2. Drag the Marquee pointer over the part of the region you want to split. The part of the region outlined by the Marquee pointer is split. You can press Delete to delete it, or move the pointer over the upper half of the region, then drag the split part to another position.

Audio Trimmer Region

1. Place the pointer over the lower-left or lower-right edge of the region. The pointer changes to a Trim pointer.

2. Drag the pointer over the part you want to trim. As you drag, the help tag shows the region length and the amount by which it’s trimmed.
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Quantize The Timing Of Audio Regions

You can quantize, or automatically correct, the timing of regions on an audio track. This technique is especially useful when regions on the track contain the right notes but are not perfectly in time with the project tempo.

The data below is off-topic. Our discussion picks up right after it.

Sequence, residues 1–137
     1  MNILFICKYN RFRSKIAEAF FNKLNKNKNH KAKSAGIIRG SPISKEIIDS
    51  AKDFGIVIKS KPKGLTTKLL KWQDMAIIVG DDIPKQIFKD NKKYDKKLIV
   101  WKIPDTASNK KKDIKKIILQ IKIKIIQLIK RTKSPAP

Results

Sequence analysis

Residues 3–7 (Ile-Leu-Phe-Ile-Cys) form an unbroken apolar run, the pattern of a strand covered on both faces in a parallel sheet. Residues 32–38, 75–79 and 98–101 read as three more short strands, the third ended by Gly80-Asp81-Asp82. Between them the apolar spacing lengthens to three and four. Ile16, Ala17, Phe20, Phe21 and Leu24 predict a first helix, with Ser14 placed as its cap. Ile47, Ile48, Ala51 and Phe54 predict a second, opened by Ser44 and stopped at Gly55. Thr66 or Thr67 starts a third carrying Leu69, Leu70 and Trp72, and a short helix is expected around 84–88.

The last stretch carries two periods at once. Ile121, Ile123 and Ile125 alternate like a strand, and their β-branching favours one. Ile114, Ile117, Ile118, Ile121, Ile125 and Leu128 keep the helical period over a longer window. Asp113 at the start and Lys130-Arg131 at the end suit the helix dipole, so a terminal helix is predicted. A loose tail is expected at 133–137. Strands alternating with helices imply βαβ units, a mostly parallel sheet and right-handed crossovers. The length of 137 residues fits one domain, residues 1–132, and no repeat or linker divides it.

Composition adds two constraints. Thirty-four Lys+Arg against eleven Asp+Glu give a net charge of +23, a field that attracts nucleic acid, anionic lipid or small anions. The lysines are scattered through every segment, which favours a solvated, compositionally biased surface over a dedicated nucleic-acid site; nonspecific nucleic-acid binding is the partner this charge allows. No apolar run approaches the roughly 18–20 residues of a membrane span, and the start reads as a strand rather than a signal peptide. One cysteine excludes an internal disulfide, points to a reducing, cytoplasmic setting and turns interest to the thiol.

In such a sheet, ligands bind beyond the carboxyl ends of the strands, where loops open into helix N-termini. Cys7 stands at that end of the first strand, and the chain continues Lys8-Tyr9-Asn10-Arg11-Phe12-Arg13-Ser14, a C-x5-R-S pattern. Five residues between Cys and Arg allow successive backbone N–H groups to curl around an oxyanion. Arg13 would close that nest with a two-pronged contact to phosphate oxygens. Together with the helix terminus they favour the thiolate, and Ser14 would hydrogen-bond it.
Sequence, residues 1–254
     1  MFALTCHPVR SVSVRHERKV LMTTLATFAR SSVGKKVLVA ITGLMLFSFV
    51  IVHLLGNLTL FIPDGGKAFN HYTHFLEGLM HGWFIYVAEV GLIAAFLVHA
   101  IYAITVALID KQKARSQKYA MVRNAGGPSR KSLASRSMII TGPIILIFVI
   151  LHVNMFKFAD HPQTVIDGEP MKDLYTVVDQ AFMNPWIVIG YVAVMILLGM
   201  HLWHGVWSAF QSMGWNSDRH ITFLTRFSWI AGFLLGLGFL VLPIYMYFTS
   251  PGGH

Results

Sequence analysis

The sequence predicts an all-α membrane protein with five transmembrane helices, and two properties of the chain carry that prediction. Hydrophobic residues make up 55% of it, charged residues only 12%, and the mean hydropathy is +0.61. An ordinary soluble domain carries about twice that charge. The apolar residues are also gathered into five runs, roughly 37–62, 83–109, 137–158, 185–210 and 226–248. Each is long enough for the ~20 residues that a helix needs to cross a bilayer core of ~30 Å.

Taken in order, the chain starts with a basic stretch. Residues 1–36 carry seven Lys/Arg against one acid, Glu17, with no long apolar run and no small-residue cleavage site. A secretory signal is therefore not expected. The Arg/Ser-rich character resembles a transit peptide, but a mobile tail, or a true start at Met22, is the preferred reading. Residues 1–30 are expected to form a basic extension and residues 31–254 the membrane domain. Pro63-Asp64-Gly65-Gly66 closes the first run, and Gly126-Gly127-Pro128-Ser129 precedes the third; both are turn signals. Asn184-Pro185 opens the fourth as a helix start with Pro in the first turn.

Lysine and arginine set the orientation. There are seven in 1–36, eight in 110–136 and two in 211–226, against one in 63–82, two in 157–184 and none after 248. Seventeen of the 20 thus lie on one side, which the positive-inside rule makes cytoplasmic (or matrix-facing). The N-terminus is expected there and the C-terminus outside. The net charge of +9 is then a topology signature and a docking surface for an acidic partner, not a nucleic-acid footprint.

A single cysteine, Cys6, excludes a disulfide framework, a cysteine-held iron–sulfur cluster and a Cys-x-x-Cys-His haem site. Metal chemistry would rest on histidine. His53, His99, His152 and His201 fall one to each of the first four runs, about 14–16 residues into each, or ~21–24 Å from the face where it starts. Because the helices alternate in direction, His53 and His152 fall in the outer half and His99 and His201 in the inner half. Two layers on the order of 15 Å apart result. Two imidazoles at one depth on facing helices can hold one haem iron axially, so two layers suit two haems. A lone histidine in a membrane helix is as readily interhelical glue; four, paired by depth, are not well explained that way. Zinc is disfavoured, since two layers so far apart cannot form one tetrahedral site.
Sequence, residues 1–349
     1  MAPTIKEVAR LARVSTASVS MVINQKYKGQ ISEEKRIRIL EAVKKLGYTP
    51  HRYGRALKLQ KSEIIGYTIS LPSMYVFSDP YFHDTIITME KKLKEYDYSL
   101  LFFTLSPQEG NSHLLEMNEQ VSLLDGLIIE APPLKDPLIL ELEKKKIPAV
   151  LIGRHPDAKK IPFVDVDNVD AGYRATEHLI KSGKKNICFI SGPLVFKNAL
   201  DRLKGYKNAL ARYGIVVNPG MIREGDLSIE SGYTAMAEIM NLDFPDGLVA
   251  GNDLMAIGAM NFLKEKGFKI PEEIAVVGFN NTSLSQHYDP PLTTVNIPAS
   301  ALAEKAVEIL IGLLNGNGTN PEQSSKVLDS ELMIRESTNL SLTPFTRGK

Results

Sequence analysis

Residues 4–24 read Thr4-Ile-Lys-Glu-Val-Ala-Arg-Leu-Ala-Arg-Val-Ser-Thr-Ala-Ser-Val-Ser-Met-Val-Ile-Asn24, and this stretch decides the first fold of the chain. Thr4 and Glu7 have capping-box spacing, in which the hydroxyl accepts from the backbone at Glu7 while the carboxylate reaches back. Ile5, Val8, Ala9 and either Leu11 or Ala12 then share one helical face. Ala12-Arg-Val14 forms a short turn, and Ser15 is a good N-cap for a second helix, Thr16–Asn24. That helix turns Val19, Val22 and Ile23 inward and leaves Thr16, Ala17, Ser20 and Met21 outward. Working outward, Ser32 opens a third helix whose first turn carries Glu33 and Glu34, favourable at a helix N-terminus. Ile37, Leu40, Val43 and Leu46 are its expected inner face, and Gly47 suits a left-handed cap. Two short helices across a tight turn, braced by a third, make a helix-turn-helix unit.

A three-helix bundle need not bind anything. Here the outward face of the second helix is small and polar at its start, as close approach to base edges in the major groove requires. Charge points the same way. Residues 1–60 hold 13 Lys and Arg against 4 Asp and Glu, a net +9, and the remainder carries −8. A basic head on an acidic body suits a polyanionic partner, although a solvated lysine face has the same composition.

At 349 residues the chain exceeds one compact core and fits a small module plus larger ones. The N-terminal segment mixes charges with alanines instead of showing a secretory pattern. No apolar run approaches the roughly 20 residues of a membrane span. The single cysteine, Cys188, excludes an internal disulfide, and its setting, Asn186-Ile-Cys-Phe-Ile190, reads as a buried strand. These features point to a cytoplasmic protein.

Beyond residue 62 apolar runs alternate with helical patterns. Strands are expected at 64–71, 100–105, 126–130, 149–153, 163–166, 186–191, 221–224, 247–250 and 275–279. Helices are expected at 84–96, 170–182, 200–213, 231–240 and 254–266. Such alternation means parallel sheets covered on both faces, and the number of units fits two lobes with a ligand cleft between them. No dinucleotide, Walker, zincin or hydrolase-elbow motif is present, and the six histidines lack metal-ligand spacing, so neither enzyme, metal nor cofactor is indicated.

When you quantize the timing, selected regions on the selected track are adjusted to the selected note value. You can quantize the timing of regions with drums, single-note instruments, and chordal or polyphonic instruments.

If the track contains imported audio files (orange), and you want to quantize the timing of the audio files, the Follow Tempo & Pitch checkbox needs to be selected for each audio file.

Quantize the timing of selected audio regions

1. In the Tracks area, select the audio regions you want to quantize. The regions need to be on the same audio track.

2. Make sure the Region tab is selected in the Audio Editor inspector.

3. Choose the note value to use as the basis for timing quantization from the Time Quantize pop-up menu.
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4. Drag the Strength slider to the left to decrease the strength of quantization.

Transpose Audio Regions